Vanden Heuvel: Movie ‘A Wrinkle in Time’ raises the question: Can science discover the spiritual realm?
This past weekend, millions of moviegoers saw A Wrinkle in Time and joined a group of tessering travelers as they warped through higher dimensions in pursuit of the heroine’s missing father. The film is, of course, based on the classic Newbery Award–winning children’s novel written by Madeleine L’Engle, a committed Christian who drew heavily on her personal study of modern physics as inspiration for the book.
VIDEO: NBC News discusses the science behind the movie ‘A Wrinkle in Time’
In a 1979 interview with Christianity Today, L’Engle spoke of the mystical nature of contemporary physics and how science “should help us enlarge our vision: never change it, never diminish it, but enlarge it.” This can be said most of all about the science of higher dimensions upon which A Wrinkle in Time is based.
Nearly 100 years ago, the first scientific evidence for higher dimensions emerged. Since that time, the science community has reached a broad consensus that the universe contains at least five dimensions and perhaps many more. For some, conceptualizing multiple dimensions bears resemblance to Christian thinking on a spiritual world. N. T. Wright has gone so far as to say that “Heaven is the extra dimension, the God-dimension, of all our present reality.”
But the higher dimensions described by science are not merely spiritual, they are physical. Therefore they can be explored and even measured through science. In fact, today physicists at the world’s largest particle accelerator, the Large Hadron Collider, are conducting experiments that would allow them to detect and measure properties of these higher dimensions. This begs the uncomfortable question, “Can heaven be detected by a particle accelerator?”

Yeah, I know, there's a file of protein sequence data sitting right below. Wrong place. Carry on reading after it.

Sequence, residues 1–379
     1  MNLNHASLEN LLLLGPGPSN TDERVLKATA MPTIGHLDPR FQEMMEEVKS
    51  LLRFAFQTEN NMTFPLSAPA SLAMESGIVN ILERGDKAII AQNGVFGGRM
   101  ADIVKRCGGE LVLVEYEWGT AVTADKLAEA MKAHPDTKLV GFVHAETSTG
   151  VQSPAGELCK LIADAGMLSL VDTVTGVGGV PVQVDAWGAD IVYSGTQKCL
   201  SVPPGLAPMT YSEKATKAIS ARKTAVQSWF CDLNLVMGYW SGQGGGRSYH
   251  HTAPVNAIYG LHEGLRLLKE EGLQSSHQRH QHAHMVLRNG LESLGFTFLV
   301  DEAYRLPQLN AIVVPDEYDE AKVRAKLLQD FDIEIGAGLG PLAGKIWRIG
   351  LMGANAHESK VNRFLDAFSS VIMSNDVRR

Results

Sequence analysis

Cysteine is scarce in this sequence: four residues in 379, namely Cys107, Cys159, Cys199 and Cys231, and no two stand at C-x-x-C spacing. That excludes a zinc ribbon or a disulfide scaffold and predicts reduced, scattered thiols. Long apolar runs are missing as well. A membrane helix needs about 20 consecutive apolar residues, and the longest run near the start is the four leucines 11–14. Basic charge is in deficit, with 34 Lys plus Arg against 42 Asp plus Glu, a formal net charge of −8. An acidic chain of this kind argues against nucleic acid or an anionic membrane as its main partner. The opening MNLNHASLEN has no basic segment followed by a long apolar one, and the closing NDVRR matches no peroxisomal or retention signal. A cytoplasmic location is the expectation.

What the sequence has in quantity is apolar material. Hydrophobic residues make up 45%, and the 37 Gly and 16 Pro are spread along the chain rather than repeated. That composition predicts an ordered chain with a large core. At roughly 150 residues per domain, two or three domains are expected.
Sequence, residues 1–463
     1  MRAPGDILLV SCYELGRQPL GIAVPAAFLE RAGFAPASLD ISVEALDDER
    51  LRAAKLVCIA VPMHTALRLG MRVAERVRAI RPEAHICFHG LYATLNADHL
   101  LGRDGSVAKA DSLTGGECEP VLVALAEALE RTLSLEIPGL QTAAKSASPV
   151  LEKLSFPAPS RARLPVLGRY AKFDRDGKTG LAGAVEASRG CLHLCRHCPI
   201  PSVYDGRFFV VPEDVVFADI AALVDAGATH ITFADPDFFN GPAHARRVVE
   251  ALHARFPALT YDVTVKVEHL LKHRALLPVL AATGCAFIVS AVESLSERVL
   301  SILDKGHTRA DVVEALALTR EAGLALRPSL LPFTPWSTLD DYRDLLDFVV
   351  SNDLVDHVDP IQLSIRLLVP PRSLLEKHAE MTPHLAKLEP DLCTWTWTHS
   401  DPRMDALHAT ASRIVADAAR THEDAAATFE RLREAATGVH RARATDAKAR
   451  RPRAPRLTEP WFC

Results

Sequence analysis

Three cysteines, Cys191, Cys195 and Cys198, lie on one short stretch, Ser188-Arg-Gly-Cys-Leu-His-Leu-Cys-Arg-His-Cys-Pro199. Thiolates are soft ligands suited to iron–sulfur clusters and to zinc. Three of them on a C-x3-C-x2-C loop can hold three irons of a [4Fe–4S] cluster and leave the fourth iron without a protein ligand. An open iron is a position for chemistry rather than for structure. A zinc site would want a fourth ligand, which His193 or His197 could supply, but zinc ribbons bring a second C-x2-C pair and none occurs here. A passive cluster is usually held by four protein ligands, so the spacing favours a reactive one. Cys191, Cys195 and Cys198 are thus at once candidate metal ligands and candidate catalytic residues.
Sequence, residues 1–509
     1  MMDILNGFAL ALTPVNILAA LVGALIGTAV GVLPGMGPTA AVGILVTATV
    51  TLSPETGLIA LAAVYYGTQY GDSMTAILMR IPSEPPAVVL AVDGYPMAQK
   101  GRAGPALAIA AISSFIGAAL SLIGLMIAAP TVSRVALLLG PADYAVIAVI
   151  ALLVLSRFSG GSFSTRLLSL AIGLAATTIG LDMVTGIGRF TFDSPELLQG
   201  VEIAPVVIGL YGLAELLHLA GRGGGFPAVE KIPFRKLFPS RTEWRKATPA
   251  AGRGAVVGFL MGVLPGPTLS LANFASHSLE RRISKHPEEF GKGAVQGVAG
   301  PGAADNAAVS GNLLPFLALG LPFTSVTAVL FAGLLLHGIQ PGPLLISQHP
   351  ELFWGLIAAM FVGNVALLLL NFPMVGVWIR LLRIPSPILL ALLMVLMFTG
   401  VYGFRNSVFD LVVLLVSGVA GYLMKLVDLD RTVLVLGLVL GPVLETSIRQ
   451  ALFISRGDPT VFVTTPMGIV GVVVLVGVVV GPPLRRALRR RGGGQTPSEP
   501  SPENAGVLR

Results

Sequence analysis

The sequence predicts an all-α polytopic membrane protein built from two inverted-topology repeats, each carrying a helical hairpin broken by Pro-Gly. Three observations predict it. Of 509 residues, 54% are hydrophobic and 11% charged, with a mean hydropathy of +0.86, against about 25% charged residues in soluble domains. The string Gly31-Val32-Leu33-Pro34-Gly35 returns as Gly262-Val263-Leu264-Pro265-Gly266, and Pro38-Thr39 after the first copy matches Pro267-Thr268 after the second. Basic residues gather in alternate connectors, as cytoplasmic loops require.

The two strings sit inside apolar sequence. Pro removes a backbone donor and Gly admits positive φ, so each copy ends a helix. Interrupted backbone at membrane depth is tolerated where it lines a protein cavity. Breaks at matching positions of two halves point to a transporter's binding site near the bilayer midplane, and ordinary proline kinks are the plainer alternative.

To some, this may feel like yet one more encroachment of science into matters of faith. But I would like to offer an alternate interpretation: Could the physics of higher dimensions allow us to integrate the physical and spiritual worlds into a common framework, where they are no longer seen as separate disconnected realities but rather as a single cohesive creation? To see this vision, though, we will first need a quick primer on the physics of higher dimensions.
In 1919, the physicist Theodor Kaluza wrote a letter to Albert Einstein which contained a mathematical proof demonstrating how Einstein’s equations for gravity, when written in five dimensions, can also explain the behavior of electricity and magnetism. This was a truly shocking discovery that led Einstein himself to admit that it “would never have dawned on me.” The insight was so elegant and profound that it led to an entire branch of theoretical physics called string theory, which remains an area of active research to this day.
What exactly do we mean by five dimensions? Well, there are the three dimensions of space we are accustomed to (depth, width, and height), one dimension of time, and at least one additional dimension of space. It turns out that any time we add an extra dimension of space, our conception of what is possible expands dramatically.
Take, for example, the move from one dimension to two dimensions. In one dimension, all we have is length. The only “creatures” in such a world would be lines, and these lines could never move past one another. They are confined to sliding back and forth, bumping into one another like beads on a wire. When we add a second dimension, however, a whole new world of possibility is opened—up and down! Suddenly lines can move above or below one another, they can spin around and point in new directions, and they can even bend to take on new a form, like a circle.
This article continues at [Christianity Today] A Wrinkle in Heaven